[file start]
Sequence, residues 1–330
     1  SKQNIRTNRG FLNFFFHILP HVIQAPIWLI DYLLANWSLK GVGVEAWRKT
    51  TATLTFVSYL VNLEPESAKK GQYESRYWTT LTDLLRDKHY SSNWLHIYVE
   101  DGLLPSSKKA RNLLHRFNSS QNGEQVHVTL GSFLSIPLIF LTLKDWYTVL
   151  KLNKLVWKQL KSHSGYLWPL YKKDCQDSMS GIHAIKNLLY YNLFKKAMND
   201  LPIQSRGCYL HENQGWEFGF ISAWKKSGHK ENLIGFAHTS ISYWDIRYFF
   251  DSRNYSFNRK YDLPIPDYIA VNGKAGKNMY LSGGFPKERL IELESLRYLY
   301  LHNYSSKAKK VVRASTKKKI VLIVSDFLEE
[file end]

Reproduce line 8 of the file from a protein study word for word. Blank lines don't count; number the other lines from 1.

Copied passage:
   301  LHNYSSKAKK VVRASTKKKI VLIVSDFLEE